Their results were soon confirmed by many groups, notably Paul Chu at the University of Houston and Shoji Tanaka at the University of Tokyo. Shortly after, at Princeton University, Anderson gave the first theoretical description of these materials, based on the resonating valence bond theory, but a full understanding of these materials is still developing today; these superconductors are now known to possess a d-wave pair symmetry. The first proposal that high-temperature cuprate superconductivity involves d-wave pairing was made in 1987 by Bickers and Scalettar, followed by three subsequent theories in 1988 by Inui, Doniach and Ruckenstein, using spin-fluctuation theory, by Gros, Poilblanc and Zhang, by Kotliar and Liu identifying d-wave pairing as a natural consequence of the RVB theory; the confirmation of the d-wave nature of the cuprate superconductors was made by a variety of experiments, including the direct observation of the d-wave nodes in the excitation spectrum through Angle Resolved Photoemission Spectroscopy, the observation of a half-integer flux in tunneling experiments, indirectly from the temperature dependence of the penetration depth, specific heat and thermal conductivity.

The superconductor with the highest transition temperature is the cuprate of mercury and calcium, at around 133 K. The origin of high-temperature superconductivity is still not clear, but it seems that instead of electron-phonon attraction mechanisms, as in conventional superconductivity, one is dealing with genuine electronic mechanisms, instead of conventional, purely s-wave pairing, more exotic pairing symmetries are thought to be involved. In 2014, evidence showing that fractional particles can happen in quasi two-dimensional magnetic materials, was found by EPFL scientists lending support for Anderson's theory of high-temperature superconductivity; the "High-temperature" superconductor class has had many definitions in the context of superconductivity. The label high-Tc should be reserved for materials with critical temperatures greater than the boiling point of liquid nitrogen. Ho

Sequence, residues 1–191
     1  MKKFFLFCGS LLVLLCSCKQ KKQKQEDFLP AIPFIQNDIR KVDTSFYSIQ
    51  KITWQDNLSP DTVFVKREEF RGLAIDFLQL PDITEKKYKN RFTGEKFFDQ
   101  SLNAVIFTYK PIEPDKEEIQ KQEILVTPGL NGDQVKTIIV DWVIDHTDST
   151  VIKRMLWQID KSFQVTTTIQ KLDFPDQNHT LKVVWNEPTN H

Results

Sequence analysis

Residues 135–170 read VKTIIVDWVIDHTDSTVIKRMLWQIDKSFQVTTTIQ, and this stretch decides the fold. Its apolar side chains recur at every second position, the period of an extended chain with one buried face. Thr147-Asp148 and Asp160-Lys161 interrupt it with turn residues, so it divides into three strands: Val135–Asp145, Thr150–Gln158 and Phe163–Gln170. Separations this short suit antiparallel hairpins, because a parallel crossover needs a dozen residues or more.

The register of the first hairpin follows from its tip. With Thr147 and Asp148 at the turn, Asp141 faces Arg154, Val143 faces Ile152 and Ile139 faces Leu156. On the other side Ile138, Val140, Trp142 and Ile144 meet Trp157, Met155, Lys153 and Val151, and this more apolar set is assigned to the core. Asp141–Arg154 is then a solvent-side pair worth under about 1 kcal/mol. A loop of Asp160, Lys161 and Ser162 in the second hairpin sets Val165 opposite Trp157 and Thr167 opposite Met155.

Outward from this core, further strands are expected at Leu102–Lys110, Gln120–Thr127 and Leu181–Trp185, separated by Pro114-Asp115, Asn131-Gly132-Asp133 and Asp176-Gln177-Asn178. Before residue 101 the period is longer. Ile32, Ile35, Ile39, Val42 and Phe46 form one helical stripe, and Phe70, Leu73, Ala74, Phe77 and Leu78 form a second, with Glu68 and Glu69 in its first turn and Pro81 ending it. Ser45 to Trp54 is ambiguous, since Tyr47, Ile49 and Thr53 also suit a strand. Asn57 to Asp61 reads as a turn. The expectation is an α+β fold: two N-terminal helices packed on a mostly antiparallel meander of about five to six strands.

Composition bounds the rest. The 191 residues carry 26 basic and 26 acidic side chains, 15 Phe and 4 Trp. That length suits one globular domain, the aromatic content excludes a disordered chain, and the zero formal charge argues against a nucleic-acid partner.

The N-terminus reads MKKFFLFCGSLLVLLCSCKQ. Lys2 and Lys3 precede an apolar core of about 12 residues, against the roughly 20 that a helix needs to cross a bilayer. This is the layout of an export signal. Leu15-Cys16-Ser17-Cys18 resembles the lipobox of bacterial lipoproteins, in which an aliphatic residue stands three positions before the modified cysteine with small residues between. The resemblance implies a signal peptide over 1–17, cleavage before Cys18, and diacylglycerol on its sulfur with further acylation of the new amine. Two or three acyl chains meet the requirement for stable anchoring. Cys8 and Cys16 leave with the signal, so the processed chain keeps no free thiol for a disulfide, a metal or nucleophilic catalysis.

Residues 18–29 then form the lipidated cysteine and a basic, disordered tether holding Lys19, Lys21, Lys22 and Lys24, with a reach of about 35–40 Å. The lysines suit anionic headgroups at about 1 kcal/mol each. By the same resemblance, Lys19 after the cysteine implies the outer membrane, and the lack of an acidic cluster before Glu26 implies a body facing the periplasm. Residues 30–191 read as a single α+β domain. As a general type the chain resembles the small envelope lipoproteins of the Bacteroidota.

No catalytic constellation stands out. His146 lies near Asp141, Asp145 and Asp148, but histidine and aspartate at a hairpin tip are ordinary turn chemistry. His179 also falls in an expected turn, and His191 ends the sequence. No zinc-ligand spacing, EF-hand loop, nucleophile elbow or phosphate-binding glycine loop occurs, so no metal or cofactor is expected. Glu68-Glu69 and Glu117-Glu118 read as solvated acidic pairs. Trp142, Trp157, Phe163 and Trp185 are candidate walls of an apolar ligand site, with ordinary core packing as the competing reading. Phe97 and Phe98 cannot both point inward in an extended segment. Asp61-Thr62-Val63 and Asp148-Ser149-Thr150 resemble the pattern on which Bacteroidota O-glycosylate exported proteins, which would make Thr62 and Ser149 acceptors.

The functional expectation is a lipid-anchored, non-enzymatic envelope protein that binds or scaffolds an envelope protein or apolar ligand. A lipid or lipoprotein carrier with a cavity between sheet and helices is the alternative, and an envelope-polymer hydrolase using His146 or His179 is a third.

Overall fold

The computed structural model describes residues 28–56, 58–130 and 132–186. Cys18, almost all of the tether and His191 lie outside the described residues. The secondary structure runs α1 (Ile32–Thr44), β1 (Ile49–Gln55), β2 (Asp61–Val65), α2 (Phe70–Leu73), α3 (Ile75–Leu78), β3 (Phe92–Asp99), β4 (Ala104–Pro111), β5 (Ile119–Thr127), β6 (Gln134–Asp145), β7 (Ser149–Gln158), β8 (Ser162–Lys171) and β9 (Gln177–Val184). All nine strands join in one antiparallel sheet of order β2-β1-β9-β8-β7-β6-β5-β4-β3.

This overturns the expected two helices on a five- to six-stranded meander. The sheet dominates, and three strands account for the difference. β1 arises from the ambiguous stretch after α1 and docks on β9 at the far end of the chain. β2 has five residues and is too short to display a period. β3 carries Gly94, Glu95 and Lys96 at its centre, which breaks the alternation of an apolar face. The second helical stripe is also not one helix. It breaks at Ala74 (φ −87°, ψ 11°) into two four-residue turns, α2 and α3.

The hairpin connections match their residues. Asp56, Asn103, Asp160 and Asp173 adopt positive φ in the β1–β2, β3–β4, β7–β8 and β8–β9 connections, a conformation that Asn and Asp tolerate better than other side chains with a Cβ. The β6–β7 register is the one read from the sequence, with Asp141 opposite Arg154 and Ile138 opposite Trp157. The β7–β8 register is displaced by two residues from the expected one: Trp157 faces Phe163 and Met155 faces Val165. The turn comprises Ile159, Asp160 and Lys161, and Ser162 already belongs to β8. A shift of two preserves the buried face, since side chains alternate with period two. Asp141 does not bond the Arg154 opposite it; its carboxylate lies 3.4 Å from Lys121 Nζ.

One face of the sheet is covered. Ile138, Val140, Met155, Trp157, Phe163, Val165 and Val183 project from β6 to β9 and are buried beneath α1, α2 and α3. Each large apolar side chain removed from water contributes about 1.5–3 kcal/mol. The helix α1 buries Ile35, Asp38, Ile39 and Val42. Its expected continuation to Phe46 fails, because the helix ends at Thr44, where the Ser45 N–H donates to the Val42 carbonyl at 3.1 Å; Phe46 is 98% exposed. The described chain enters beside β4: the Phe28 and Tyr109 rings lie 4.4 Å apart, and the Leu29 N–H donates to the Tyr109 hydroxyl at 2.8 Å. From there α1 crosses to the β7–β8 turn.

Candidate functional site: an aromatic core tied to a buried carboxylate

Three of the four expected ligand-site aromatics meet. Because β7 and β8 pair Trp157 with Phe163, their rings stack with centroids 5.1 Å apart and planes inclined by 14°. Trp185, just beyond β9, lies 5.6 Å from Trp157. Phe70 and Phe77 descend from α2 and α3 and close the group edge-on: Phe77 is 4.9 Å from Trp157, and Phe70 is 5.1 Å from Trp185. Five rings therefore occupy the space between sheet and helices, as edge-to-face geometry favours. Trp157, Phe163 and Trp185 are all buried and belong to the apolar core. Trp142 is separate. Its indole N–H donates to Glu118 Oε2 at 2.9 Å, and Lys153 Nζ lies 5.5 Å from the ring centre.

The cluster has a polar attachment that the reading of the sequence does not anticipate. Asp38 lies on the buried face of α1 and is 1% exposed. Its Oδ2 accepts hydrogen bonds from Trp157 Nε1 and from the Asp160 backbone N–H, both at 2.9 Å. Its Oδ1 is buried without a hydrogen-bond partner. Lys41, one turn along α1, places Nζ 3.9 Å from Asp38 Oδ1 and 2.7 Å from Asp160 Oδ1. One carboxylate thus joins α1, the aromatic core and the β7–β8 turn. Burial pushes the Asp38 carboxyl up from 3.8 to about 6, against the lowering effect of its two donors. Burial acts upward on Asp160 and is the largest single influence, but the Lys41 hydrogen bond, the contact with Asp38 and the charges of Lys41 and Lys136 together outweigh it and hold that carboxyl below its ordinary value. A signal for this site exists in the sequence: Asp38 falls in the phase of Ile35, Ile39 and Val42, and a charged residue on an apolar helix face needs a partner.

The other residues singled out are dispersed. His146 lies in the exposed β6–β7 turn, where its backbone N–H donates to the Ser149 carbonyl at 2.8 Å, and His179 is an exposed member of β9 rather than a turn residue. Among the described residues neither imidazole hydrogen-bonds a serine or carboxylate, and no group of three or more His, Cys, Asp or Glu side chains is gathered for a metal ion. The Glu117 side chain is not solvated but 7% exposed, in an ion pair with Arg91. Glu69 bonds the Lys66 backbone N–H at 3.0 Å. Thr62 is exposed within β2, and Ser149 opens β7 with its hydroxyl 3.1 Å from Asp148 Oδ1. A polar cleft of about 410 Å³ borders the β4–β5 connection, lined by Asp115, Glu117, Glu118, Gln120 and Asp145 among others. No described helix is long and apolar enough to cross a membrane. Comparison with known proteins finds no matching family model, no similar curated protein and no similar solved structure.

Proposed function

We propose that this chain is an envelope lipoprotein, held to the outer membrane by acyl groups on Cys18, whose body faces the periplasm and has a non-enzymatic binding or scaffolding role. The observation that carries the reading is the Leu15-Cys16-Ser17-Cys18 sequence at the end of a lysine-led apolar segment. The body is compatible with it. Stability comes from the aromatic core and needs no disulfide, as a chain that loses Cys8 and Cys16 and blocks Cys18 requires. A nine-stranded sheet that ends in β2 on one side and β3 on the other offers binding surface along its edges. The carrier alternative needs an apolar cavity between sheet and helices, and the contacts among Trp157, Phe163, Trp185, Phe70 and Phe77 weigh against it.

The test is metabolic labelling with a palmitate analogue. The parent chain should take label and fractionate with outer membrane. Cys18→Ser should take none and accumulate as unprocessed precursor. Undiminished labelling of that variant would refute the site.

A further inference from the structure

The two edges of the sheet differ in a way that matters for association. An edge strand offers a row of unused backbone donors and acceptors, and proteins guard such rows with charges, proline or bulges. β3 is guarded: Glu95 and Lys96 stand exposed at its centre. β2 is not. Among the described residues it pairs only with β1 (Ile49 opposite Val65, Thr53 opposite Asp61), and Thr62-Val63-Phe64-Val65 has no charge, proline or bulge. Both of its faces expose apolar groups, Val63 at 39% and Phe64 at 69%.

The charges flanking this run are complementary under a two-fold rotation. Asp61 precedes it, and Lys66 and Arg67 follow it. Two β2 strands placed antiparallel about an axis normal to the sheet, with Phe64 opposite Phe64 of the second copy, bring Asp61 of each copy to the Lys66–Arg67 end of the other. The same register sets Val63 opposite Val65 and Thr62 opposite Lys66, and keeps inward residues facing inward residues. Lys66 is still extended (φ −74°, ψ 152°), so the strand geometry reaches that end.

La Falda

La Falda is a town in the province of Córdoba, located 79 km from Córdoba and 800 km from Buenos Aires. It had about 15,000 inhabitants at the 2001 census. La Falda lies at the foot of two small mountains, it is part of an important tourist circuit of the province; the Punilla Department includes other tourist sites like Villa Carlos Paz, Los Cocos, La Cumbre and Capilla del Monte. La Falda is home to the historic "Eden Hotel", visited by Albert Einstein. Adolf Hitler was rumored to have stayed here in 1948; the main street and hub of activity for the town is "Avenue Eden". Attractions in La Falda include the 7 Cascades, a natural park which hosts a large public swimming pool. "El Silenco" is a colonial castle of the 17th century featuring observation of trout. "Tatu Carreta" is an Ecological Zoo c. 8 km from the downtown on the route toward Córdoba. It is a drive thru "safari" style zoological experience with exotic animal species; the area has been used as a special stage for Rally Argentina. List of world's largest cuckoo clocks Official website Municipal information: Municipal Affairs Federal Institute, Municipal Affairs Secretariat, Ministry of Interior, Argentina.

All About La Falda Villa Carlos Paz and Valle de Punilla Ecological Park & Zoo La Falda Tango Festival Information

Hank Baskett